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Sarah Cantey, originally from Madison, Conn., works for the CBS affiliate WIAT in Birmingham, Ala. She is a meteorologist who’s not afraid to report out in the elements. Click here for a sample of her work.

She holds a Master of Applied Meteorology, Bachelor of Science in Geoscience and Certificate in Broadcast Meteorology from Mississippi State University.

As a meteorologist in an active weather market, Cantey has covered and experienced multiple extremes including live hurricane coverage on the Gulf of Mexico, winter weather, tornadoes and flash flooding events.

Although she is a full-time meteorologist, Cantey is not afraid to pick up a camera. Some of her daily duties include weather-related reporting and tracking active weather from the CBS 42 Weather Alert Unit.

Before making the switch to weather, Cantey joined WIAT in 2016 after working in the Capital City covering everything from state politics to local, feature stories. She was a reporter/fill-in anchor for the Alabama News Network in Montgomery, Ala. She took the lead during coverage of  high profile stories like Alabama Speaker of the House Mike Hubbard’s ethics trial, the impeachment of Governor Robert Bentley, and the case of a Montgomery police officer charged with murder.

Cantey started out as a bureau reporter. She learned that success in a bureau meant being involved and active in the community.  She actively developed sources to generate exclusive, enterprising content. She’s also covered stories that gained national attention, including Alabama judges not following a federal order regarding same-sex marriage, multiple high school football players dying from head injuries across the country, and the death of “To Kill A Mockingbird” author, Harper Lee.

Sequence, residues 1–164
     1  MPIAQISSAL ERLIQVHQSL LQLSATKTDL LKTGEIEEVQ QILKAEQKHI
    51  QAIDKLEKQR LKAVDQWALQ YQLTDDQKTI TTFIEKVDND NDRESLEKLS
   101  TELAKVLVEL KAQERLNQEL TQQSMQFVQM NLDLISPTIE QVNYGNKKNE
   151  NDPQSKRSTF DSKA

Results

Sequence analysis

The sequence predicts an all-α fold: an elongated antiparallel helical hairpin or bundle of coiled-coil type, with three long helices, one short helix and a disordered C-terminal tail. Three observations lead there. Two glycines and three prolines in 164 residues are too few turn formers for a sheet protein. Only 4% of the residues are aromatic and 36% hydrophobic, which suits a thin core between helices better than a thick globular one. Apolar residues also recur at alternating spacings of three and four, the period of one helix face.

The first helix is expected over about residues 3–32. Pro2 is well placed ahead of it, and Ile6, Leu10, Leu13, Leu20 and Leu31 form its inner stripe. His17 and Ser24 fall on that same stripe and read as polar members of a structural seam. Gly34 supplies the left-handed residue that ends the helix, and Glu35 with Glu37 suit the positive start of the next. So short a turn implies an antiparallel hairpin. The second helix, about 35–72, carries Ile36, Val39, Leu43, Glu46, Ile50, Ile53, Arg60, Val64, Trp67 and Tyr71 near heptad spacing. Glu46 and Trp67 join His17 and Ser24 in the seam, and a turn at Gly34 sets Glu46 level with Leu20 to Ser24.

Prior to reporting, Cantey worked as a digital producer for Tucson News Now, the collaborative news station for the CBS and Fox affiliates of Southern Arizona.

While in Tucson, Cantey worked extensively on the coverage of a local girl who was abducted from her home. For that story, she trudged through 300 plus pages of police documents about the missing girl Isabel Celis, making Tucson News Now the first and only station to have a comprehensive article, including original documents. In October, she also broke the story of a controversial cartoon in the Arizona Daily Wildcat, the college newspaper. Her role as a digital editor has allowed her to cover and report stories on deadline and in real time, as well as expanding her knowledge and experience with social media.

Cantey understands that in today’s journalism climate, it is paramount to be able to engage viewers on all platforms available.